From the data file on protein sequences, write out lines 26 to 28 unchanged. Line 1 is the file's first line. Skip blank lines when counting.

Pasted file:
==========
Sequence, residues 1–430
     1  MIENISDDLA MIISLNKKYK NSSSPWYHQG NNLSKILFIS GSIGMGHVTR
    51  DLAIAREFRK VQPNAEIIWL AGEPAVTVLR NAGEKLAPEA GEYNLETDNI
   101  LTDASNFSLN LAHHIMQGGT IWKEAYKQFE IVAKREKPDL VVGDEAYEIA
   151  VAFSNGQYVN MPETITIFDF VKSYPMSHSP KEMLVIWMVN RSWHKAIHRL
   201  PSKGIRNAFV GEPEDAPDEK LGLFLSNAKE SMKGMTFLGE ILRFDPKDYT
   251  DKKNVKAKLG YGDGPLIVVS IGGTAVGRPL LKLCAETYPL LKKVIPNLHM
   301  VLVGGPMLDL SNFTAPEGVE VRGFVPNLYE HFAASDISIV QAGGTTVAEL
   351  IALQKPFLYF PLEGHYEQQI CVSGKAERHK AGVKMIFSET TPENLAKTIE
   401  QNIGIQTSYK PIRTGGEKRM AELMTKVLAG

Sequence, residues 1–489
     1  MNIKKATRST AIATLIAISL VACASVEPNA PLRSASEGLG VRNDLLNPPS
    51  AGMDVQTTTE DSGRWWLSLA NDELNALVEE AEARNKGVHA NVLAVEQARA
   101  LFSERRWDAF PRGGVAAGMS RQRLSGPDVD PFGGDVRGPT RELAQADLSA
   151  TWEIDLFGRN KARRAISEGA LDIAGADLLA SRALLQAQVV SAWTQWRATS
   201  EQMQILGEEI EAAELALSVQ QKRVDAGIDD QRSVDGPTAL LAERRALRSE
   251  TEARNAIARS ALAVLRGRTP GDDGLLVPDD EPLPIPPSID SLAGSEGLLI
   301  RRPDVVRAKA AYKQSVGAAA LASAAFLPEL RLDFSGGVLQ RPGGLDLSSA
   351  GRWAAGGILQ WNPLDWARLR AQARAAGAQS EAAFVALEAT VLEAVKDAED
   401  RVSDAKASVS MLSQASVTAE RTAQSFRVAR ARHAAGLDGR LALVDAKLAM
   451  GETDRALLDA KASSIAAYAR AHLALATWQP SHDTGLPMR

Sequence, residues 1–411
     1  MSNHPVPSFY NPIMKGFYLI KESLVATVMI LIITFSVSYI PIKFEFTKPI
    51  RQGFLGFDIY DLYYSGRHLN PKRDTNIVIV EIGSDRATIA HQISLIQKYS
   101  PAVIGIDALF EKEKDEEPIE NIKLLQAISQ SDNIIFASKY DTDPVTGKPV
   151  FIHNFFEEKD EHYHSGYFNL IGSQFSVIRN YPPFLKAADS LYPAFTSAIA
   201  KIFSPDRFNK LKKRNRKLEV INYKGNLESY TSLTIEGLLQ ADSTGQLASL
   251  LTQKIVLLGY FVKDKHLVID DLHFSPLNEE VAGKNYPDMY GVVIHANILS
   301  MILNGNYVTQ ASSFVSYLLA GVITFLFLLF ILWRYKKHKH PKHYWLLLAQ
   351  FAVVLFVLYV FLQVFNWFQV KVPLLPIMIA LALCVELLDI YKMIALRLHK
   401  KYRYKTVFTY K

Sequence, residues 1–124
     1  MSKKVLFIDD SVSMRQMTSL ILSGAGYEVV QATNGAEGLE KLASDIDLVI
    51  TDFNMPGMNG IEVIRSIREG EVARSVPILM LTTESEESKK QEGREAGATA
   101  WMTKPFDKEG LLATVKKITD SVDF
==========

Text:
   151  FIHNFFEEKD EHYHSGYFNL IGSQFSVIRN YPPFLKAADS LYPAFTSAIA
   201  KIFSPDRFNK LKKRNRKLEV INYKGNLESY TSLTIEGLLQ ADSTGQLASL
   251  LTQKIVLLGY FVKDKHLVID DLHFSPLNEE VAGKNYPDMY GVVIHANILS